(This is part 1 of our series on “Hijacking the Body”. Don’t worry–It’s not as scary as it sounds!)
An empty stomach is a scary nuisance. Crankiness, distraction, discomfort, wooziness–All things we try to avoid on a daily basis, simply with food. And when it comes to working out, probably the worst fear of an empty stomach comes to life: Where’s my energy going to come from?? Anecdotal evidence is hard to break, as the stories have been told for decades that you must have something in your stomach if you want to workout successfully. That you cannot run 5 miles or 10 miles; that you cannot do HIIT; that you cannot bend over and deadlift 300lbs; that you cannot even do light yoga, without food in your stomach for fear that you’ll pass out. Anecdotal stories have nothing on hijacking the body to break through weight-loss plateaus, though.
Anecdotal stories are affirming. They give us assurances that we’re following “time-tested” advice, and so the results of our endeavors would most likely follow from such “time-tested” advice. But like any self-help book that claims it can make you a millionaire, anecdotal evidence preys on our impulsive side which drives us to get what we want as quickly as possible. No matter the costs of diminishing returns: Too much short-term effort becomes impossible to sustain since the shortcuts aren’t “learned” well enough for habit to set in.
Over at Minitab.com–a data analysis company with over four decades of experience–they wrote a straight-forward investigation into the differences between anecdotal evidence and statistical evidence. As they write,
Anecdotal evidence is essentially a story told by individuals. It often comes in the form of “I know a person who . . .,” but it can take many guises. In advertising, it’s often called a product testimonial. For example, someone takes a dietary supplement and claims to have lost a lot of weight. Or anecdotal evidence can be more personal, such as this classic example: someone doubts smoking is hazardous because they have a relative who smoked for decades and lived to a ripe old age.
Advertising, of course, is notoriously anecdotal, mainly because it short-cuts for the consumer the questions he or she may have about a product. “Oh, so-and-so–who I don’t even know–said PRODUCT X gave them confidence to quit their job and start a business. I gotta try that!” We’re all susceptible. We’re all suffocated by ads daily, so it’s hard to fight back when we’re already exhausted in body and mind.
But here’s what’s important in acknowledging the differences between anecdotal and statistical evidence:
Hijacking the Body to Break through Weight-loss Plateaus
So HOW do we break from the anecdotal evidence that tells us we must eat before a workout, that we cannot workout on an empty stomach? With science, of course.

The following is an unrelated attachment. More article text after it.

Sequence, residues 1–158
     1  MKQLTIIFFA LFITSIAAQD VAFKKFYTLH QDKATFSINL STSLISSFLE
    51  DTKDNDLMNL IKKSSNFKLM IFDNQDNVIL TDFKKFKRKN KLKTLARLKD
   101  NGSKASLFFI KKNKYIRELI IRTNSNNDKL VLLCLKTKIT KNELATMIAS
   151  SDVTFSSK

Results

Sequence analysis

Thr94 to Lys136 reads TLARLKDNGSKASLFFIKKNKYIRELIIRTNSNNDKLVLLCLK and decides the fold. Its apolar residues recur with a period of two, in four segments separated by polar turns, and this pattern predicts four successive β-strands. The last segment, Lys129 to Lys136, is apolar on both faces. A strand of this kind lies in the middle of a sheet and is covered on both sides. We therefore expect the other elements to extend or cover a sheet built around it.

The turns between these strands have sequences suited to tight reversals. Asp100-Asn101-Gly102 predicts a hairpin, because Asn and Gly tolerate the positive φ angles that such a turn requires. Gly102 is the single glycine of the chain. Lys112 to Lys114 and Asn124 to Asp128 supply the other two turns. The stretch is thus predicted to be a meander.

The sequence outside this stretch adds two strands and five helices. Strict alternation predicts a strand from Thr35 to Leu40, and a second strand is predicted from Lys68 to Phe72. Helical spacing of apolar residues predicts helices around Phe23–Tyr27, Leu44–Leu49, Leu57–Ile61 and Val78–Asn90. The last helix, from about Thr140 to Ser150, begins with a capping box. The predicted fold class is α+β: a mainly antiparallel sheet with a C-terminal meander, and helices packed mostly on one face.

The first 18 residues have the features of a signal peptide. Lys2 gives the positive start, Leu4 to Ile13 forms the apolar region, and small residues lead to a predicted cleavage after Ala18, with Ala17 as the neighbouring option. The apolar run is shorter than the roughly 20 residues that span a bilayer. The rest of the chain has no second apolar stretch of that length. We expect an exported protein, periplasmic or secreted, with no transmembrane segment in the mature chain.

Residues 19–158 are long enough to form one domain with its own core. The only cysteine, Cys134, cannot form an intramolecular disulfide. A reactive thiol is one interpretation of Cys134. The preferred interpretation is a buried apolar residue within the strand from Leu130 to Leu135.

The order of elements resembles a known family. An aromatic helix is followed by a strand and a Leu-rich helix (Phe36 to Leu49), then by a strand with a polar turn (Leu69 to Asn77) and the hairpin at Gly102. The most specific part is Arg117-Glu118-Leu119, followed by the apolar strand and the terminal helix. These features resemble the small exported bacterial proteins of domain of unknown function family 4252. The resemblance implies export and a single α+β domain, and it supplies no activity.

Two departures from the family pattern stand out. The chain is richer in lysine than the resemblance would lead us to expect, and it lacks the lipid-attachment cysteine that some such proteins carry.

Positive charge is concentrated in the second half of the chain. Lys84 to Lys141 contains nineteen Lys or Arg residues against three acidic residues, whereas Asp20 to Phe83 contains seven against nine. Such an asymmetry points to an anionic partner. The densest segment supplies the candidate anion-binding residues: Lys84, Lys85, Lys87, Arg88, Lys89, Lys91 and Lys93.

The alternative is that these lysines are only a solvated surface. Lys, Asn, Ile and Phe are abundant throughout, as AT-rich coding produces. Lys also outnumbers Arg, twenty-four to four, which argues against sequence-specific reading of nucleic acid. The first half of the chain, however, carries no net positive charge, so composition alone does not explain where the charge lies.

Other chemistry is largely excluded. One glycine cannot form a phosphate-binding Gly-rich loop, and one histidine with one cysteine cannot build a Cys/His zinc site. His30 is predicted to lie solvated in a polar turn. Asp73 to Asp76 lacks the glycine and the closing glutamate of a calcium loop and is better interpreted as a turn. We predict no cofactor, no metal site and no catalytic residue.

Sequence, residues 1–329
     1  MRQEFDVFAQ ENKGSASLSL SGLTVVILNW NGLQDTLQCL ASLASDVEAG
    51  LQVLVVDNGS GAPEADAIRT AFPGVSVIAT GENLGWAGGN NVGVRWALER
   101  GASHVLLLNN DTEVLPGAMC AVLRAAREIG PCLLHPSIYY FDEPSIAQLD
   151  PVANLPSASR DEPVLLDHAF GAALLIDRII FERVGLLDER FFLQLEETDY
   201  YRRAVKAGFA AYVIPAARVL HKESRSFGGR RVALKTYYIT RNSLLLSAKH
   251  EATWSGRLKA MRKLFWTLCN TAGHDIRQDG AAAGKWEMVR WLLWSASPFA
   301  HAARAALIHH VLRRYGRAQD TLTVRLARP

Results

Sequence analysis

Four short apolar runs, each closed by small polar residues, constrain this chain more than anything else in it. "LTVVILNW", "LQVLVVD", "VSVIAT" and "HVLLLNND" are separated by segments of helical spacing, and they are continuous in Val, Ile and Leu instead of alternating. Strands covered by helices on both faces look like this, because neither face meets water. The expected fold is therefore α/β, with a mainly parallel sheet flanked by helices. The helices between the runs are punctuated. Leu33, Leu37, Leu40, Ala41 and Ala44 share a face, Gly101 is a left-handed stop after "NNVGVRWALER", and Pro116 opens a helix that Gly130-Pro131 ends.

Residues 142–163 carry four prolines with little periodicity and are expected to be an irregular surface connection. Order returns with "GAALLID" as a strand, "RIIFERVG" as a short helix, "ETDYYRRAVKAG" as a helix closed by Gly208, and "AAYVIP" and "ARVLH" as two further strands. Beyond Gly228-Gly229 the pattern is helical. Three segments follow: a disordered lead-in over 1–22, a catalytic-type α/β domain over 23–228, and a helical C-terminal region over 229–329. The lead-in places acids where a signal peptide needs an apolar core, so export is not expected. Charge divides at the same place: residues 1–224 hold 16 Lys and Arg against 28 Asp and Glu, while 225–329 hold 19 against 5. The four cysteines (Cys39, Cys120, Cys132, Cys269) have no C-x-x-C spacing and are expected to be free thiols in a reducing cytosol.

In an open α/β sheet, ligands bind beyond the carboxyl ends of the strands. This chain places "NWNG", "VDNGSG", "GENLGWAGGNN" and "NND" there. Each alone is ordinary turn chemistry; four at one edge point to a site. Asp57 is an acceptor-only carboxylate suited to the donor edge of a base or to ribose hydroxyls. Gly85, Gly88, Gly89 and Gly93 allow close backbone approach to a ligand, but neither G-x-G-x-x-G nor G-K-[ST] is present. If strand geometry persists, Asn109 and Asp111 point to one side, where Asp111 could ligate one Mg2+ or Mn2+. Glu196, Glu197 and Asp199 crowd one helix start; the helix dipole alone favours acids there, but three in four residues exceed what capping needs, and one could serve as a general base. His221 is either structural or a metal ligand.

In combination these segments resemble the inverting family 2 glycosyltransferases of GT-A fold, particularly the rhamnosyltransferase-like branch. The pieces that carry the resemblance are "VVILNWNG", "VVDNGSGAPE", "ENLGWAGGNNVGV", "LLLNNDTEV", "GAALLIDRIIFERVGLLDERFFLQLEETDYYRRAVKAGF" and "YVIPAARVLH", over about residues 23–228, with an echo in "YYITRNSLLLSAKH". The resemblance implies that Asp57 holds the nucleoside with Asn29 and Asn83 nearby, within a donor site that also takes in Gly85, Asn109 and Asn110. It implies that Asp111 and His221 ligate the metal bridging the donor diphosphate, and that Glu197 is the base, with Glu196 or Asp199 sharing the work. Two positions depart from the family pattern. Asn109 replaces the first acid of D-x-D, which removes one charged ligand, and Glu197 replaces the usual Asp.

Anecdotal evidence has long stated that the body loves using carbohydrates as fuel. The body stores carbs (or, glucose) to a certain degree, tapping its reserves–or what’s in your stomach–for shorter energy-duration needs. However, the body has a nearly unlimited source of fat to tap as fuel. In fact, if you only used your body fat as fuel rather than glucose, you could last much longer than if fueling/re-fueling with carbs. (Though this is HIGHLY unadvisable, so please don’t do it!)
The biggest issue with using glucose for fuel is simply the biggest issue underlying the obesity epidemic in America and the Western hemisphere: Too much glucose (too many carbs) leads to insulin and leptin resistance (aka, weight-gain, diabetes, high blood pressure, etc etc.). Any runner who is trying to shed the last 10lbs knows the impossibility of shedding those pounds by following a high-carb-refueling diet: Those lbs won’t go anywhere, and weight gain is a real possibility, even if you’re running 50 miles a week. (This was my biggest problem when training for and running ultramarathons.)
FAT is an ugly word. That’s the anecdotal evidence driving that feeling. So nowadays, “healthy fats” is a prevalent term, which has some justification (in comparison to “unhealthy fats”) but isn’t helping the “image” of fat, in general.
But if we put together the above points, then we come to the conclusion that
hijacking the body to tap fat rather than glucose would not only give us a huge fuel source but would also force the body to consume excess fat rather than being “distracted” into consuming stored carbs.
You don’t lose weight by burning off carbs but by melting away excess fat. And the best way to do that is to direct your body’s energy consumption with a few simple changes to your daily regime, workout or otherwise.
(Tomorrow, you’ll find out how…)